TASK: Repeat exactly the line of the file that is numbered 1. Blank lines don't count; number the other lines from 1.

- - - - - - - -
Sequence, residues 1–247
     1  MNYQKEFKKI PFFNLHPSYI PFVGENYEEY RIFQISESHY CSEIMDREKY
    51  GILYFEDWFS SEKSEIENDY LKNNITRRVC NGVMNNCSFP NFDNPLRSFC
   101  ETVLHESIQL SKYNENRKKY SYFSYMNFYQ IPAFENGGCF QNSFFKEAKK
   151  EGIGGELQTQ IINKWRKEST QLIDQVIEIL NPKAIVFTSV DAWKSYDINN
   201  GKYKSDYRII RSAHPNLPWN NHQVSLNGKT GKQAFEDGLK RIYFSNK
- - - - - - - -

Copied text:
Sequence, residues 1–247